Study Guide

Eddie in The Hitchhiker's Guide to the Galaxy

By Douglas Adams

Eddie

Eddie and the Ship

Eddie is the most annoying shipboard computer in the history of science fiction, and that includes all science fiction that has not yet been written. Eddie is in charge of the Heart of Gold, including all of its doors and elevators.

When we first meet Eddie, he (or it, if you prefer) is relentlessly cheery—which is totally annoying. For instance, the doors on the ship thank people for using them: "'Thank you,' it said, 'for making a simple door very happy'" (13.15). Marvin is especially annoyed by these doors, and we can't blame him. There's something a little distressing about a computer being programmed to enjoy being used.

(Digression: In the anthology The Anthology at the End of the Universe, science fiction author Bruce Bethke tells of a time in the mid-'80s when he was at a hotel with talking elevators that thanked people for staying at the hotel. After a few days, he noticed that someone had put up a plaque saying that the elevator was a product of the Sirius Cybernetic Corporation, the same corporation that produced Eddie.)

Eddie is just the same as the doors when we first meet him—er, it. When the owners talk to it, Eddie just vomits up love and appreciation: "Hi there! This is Eddie, your shipboard computer, and I'm feeling just great, guys, and I know I'm just going to get a bundle of kicks out of any program you care to run through me" (16.7). A simple "hi" or "thanks" or "pleased to meet you" would really be enough. But the fact that Eddie and the doors go on and on about how happy they are really makes them kind of annoying.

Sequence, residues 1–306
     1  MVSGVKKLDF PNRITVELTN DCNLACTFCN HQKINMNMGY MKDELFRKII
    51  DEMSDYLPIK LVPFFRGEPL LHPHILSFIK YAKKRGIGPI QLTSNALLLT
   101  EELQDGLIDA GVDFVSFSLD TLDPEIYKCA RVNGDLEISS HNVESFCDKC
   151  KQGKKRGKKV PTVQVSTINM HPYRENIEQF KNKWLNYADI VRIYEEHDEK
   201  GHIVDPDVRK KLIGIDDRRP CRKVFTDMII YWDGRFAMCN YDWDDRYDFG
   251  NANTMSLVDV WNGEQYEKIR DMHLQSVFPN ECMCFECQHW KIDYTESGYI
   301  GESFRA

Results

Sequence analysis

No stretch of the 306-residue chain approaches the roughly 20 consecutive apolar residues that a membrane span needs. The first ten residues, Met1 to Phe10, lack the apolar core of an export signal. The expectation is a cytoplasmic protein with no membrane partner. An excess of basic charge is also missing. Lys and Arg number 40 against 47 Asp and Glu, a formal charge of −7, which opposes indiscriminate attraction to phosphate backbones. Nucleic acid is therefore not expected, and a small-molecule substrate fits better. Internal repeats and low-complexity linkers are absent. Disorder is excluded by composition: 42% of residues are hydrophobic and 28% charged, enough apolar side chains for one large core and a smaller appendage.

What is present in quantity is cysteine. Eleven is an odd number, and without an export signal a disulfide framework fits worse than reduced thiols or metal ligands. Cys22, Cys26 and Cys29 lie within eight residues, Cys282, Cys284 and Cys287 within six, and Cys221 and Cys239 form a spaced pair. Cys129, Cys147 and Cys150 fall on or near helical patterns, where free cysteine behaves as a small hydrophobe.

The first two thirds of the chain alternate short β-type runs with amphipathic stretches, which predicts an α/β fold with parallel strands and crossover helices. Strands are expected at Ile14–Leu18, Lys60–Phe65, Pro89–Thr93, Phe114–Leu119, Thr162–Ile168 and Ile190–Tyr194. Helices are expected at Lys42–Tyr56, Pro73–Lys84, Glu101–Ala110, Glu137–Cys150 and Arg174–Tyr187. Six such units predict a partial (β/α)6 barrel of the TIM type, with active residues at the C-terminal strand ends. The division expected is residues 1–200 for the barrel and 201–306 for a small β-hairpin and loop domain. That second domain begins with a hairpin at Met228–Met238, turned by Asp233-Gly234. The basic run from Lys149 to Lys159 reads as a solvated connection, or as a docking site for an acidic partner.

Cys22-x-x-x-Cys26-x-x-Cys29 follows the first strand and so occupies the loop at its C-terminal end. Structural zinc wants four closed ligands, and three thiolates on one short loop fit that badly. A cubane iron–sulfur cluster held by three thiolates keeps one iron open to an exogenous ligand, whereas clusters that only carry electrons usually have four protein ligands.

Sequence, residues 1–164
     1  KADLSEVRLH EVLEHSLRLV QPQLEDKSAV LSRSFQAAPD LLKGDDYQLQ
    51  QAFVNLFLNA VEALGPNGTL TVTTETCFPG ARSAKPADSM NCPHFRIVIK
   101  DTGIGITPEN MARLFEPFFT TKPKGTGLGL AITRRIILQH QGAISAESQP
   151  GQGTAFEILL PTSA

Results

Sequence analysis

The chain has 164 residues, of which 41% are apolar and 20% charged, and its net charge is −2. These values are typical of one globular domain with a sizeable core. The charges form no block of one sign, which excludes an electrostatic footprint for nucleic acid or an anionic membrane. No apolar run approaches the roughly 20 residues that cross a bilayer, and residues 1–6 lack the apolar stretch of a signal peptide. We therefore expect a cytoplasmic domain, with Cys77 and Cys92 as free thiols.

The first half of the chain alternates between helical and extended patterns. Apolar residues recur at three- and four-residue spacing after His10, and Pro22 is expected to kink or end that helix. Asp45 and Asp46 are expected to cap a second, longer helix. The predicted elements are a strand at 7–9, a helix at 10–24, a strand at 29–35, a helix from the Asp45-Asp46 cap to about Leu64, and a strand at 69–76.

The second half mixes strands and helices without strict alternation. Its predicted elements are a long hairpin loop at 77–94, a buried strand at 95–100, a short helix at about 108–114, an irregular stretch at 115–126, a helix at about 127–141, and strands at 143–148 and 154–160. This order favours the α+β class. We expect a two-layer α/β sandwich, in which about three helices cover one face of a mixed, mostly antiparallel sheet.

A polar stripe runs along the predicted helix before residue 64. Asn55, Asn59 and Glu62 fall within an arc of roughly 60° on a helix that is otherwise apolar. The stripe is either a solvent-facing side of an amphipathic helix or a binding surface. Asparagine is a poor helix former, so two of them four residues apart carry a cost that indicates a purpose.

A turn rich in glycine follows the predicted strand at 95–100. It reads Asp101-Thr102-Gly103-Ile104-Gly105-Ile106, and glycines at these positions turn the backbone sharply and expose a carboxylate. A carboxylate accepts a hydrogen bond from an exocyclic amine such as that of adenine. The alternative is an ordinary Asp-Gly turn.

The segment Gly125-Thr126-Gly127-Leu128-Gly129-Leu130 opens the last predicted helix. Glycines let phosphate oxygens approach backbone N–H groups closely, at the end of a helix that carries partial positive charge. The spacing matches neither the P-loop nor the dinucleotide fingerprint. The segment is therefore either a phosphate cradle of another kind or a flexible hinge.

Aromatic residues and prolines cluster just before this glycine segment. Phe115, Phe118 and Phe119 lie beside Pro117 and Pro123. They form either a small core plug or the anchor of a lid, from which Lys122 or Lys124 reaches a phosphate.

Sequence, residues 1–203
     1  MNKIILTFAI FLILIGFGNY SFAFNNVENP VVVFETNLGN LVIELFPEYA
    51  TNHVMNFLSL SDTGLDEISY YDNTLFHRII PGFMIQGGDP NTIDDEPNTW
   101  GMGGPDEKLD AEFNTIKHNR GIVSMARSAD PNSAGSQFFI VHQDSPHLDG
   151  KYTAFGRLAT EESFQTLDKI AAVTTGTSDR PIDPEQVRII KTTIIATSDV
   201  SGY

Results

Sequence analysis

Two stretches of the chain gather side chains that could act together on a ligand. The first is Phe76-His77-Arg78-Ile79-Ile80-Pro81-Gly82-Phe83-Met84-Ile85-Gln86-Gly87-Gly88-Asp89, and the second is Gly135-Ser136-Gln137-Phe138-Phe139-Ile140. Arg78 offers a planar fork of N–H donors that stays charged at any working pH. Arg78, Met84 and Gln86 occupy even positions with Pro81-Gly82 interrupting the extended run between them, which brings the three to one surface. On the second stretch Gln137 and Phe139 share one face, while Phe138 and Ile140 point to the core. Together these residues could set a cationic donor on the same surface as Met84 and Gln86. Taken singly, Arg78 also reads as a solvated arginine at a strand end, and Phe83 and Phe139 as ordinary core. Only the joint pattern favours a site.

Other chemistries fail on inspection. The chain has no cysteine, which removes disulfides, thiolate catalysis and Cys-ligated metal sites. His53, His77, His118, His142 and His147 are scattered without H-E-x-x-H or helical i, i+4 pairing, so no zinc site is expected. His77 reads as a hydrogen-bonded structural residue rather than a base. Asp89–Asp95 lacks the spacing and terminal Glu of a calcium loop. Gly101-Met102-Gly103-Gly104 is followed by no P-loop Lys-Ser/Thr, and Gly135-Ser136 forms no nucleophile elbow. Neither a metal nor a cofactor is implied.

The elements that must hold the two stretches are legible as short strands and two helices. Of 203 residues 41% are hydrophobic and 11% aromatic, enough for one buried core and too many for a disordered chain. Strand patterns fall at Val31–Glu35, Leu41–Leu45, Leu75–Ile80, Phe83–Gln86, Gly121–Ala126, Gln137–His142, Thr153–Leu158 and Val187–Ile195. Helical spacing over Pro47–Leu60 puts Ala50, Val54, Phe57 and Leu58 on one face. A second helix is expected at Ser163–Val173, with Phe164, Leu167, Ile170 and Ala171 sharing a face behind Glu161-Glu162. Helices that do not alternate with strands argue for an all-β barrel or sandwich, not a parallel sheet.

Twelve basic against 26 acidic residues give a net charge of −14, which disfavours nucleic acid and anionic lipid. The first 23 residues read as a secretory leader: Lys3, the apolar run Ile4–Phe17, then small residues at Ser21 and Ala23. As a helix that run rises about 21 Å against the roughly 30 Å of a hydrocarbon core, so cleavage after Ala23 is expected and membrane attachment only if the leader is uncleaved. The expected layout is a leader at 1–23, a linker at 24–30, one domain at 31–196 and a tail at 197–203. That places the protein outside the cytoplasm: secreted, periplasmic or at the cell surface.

What makes the whole thing disturbing, though, is that Eddie's personality can be changed with a simple flick of a switch. When they land on Magrathea, Zaphod says that he changed Eddie's personality. Instead of being happy and cheerful (the opposite of Marvin), Eddie is now, after Zaphod's changes, like an overbearing mother, telling people "I want you all wrapped up snug and warm, and no playing with any naughty bug-eyed monsters" (19.16).

This is just as annoying—both to the characters and to us—as Eddie's original personality. And let's just point this out that if personalities can be changed so easily here, who's to say that they can't change to something truly bad? We're creeped out. Almost as creeped out as we are when the mice ask Arthur to give up his brain—but let's not get ahead of ourselves.